How to Survive in School

When I was in design school, I had an instructor that seemingly hated me for whatever reason.  This class was a drawing class.  Until this point in my training, I had never had conflict with any instructor.

On the first day of this class, the instructor called up each student individually to view their previous work, and to ask them about their background and prior experience.  I told the instructor that I had experience in the same field that he worked in, which was the toy industry.  Maybe my confidence antagonized him.  I am still not sure to this day if I offended him or maybe he considered me a threat because I had achieved a similar recognition that he had, but that I was technically still a student.

The instructor viewed my work and severely criticized me.  He asked what I received in my last drawing class.  I replied, “ I got an A.”

He said, “Really?  I was going to suggest that you go back a grade!”

I was outraged!  I had never been so offended by a teacher.  From there things just got worse.  I felt like I was being picked on at every turn.  I had heard from previous students in his classes that he selected a student to torture every term.  Unfortunately, this time it was me.

During a timed drawing midterm, all the students were instructed to pick a slip of paper out of hat to determine what subject matter they drew.   Remember, this was a product related drawing class, and all subject matter were to be consumer product related such as toasters, alarm clocks, blenders, etc.  When it came my turn came to pick, I was told to put back the slip of paper that I drew, and he pulled a slip of paper out of his pocket and instructed me to draw that particular subject; to my dismay it was a sport utility vehicle.  I had not drawn cars for years, and I was sure I was pretty rusty at it.  I sweated profusely during that timed midterm.  We had to draw multiple views and render all of them.  While my classmates were enjoying their class break drinking sodas, I was dying just hoping to finish in time.  The midterm earned me a horrifying “D”.  I was extremely upset and angry.  I felt he intentionally singled me out, setting me up for failure.  I now only had 2 choices.  I could complain to the department chairman and cry injustice and drop the class or I could tough it out till the end.  If I dropped out now, I would have to face this same instructor again next term and start all over again.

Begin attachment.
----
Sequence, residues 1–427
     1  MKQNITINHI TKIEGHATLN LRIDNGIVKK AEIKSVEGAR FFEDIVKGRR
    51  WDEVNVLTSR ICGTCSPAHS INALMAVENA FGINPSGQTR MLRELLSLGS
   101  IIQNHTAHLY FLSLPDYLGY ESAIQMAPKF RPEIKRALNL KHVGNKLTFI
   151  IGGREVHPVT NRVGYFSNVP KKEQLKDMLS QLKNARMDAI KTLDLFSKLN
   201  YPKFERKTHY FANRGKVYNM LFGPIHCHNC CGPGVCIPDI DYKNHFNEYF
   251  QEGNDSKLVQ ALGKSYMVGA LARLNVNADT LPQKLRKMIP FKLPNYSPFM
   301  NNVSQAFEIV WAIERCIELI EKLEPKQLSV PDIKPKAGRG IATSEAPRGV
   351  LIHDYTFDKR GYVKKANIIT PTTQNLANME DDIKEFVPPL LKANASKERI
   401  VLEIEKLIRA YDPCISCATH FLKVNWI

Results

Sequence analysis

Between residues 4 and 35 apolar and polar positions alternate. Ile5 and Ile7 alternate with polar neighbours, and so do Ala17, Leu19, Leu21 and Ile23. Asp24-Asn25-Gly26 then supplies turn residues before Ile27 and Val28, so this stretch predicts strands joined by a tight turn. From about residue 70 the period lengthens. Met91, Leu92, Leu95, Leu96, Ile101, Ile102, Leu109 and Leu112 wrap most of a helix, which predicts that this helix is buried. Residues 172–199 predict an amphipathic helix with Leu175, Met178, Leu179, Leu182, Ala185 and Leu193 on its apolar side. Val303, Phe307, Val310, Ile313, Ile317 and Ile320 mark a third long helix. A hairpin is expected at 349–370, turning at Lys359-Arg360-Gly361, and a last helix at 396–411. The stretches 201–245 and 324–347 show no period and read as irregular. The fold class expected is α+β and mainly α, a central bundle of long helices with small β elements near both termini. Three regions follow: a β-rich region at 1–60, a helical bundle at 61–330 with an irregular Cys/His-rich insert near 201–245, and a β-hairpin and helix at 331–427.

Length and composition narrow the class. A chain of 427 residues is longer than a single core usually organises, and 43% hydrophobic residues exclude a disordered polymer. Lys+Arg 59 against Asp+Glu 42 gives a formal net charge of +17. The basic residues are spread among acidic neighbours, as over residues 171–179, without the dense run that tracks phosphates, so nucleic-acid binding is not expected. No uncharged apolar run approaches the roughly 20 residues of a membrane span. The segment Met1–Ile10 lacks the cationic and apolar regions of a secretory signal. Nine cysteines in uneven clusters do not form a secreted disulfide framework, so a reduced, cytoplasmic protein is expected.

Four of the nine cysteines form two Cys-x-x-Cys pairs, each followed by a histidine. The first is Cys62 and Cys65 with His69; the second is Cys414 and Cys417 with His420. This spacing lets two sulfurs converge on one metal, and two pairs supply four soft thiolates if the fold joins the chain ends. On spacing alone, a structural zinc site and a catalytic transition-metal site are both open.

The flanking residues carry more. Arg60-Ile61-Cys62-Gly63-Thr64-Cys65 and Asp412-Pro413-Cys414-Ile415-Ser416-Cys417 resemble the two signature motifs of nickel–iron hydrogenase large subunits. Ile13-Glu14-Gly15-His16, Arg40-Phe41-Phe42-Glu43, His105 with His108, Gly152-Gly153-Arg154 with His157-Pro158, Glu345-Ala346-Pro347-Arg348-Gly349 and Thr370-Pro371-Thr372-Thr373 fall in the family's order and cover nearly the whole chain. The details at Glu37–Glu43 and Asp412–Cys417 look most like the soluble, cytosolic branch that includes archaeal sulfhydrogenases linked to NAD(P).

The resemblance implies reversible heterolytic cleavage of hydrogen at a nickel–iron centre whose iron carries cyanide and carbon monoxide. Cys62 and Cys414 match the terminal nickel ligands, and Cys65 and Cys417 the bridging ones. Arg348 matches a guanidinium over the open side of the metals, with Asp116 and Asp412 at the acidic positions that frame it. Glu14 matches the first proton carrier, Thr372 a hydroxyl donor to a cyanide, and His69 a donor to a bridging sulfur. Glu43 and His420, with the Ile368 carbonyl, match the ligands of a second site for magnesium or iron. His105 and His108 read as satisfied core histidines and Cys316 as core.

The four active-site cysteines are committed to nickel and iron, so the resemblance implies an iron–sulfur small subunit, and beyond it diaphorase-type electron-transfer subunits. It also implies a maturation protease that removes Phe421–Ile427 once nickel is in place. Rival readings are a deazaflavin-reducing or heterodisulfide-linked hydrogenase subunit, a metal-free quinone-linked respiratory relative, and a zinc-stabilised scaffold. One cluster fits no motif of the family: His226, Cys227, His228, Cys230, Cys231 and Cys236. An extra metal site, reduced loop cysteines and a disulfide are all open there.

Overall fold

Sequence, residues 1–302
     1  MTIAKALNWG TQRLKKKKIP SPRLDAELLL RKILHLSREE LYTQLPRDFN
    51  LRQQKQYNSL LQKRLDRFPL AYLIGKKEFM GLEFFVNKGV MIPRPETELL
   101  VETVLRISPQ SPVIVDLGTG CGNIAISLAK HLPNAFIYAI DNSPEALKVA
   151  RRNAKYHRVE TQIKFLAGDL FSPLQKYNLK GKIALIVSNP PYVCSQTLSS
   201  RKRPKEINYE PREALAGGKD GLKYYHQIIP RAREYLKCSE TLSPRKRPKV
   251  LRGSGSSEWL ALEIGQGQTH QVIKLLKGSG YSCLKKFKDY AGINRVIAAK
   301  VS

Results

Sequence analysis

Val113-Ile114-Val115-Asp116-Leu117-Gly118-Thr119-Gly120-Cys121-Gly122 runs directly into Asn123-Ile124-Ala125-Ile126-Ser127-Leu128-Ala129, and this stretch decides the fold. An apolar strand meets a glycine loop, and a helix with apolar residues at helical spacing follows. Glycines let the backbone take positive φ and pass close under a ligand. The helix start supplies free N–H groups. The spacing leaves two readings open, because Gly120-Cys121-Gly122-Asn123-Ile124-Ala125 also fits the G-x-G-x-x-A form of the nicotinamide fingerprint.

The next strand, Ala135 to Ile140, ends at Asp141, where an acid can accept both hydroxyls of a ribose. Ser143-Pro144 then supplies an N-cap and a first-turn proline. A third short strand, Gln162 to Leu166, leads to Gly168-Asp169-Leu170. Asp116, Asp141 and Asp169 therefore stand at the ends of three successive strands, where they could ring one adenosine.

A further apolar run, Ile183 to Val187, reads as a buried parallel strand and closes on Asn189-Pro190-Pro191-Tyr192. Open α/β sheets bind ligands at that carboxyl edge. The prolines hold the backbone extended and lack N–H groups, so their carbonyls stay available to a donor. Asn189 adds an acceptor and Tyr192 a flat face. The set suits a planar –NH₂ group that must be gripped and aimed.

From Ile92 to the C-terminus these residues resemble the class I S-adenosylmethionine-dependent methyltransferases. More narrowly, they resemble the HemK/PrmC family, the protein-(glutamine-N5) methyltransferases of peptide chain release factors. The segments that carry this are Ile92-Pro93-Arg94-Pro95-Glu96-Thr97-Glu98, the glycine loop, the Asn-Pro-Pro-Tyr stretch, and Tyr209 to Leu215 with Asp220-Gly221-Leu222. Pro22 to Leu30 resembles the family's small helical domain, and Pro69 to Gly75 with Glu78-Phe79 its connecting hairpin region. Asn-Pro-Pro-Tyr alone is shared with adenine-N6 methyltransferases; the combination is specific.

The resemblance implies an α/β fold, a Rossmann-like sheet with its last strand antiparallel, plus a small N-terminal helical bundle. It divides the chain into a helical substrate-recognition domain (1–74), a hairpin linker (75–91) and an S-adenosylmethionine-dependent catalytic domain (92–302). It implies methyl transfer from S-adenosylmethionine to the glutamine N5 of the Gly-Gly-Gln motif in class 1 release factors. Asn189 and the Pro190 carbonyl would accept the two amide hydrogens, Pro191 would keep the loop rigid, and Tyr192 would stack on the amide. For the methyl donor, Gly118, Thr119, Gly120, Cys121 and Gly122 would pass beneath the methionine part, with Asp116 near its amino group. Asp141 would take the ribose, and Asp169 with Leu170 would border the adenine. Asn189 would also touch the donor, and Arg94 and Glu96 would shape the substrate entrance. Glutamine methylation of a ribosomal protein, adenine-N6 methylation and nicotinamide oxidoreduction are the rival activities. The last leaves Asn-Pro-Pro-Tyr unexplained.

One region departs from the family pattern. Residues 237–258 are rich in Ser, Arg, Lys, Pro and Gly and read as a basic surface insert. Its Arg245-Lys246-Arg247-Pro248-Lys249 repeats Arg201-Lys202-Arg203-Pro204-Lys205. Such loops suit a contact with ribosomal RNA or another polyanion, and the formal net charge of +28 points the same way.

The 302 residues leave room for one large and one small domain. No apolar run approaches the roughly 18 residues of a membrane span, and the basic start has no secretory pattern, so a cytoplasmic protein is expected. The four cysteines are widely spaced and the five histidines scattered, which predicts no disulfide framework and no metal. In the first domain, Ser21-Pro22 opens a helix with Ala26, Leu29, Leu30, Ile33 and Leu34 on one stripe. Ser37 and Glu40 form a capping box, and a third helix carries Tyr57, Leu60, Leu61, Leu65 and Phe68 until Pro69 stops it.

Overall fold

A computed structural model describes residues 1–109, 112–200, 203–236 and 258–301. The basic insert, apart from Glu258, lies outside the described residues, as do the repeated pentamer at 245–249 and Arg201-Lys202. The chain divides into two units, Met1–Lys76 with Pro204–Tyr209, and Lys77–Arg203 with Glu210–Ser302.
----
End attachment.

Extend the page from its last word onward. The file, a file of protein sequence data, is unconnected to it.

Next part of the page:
This class and its instructor traumatized me.  I didn’t know what to do.  I had never been in this kind of situation before where I felt the teacher hated me.  So I sought advice from one of my mentors.  He told me, “Not everyone wants to be your friend.”

He advised me that the best thing I could do was to show up to class on time, finish your work, and don’t speak unless you are spoken to.  I took that advice and it got me through the rest of the term.  Ultimately I received a “B+” for the final grade.  He just wanted to show me who was boss and put me in my place.  When you are in a particular teacher’s class, do it their way.  Don’t make waves and ruffle feathers.  The lesson here was to “shut your mouth and know your role.”

Let us fast-forward 3 years. I had graduated and was a working professional.  When I had the opportunity to return to Art Center to become an instructor, I frequently saw the instructor that tortured me at the faculty meetings.  Being in the meetings and letting him know that we were now on equal ground gave me a sense of justification.  In spite of what he thought of my drawing ability, or me, it probably irritated him that I was able to become a fellow instructor and teach things my way.

The List of Design Stuff

We’re often asked by our students which sites we look at for research, inspiration, etc etc.  So I’m going to start keeping a master list of everything I can find on design “stuff”.  I also need to note that this is a WIP, so if you don’t see a site here and would like to recommend one, leave it in the comments below or leave one on our Facebook page.

Blogs, News, All Around

Gallery & Inspiration

  • Industrial Design Served – I thought our website name was long to spell.
  • Pinterest – Sign up and start pinning.
  • Site Inspire – Mainly for web design, but searches will lead to other sites for other fields.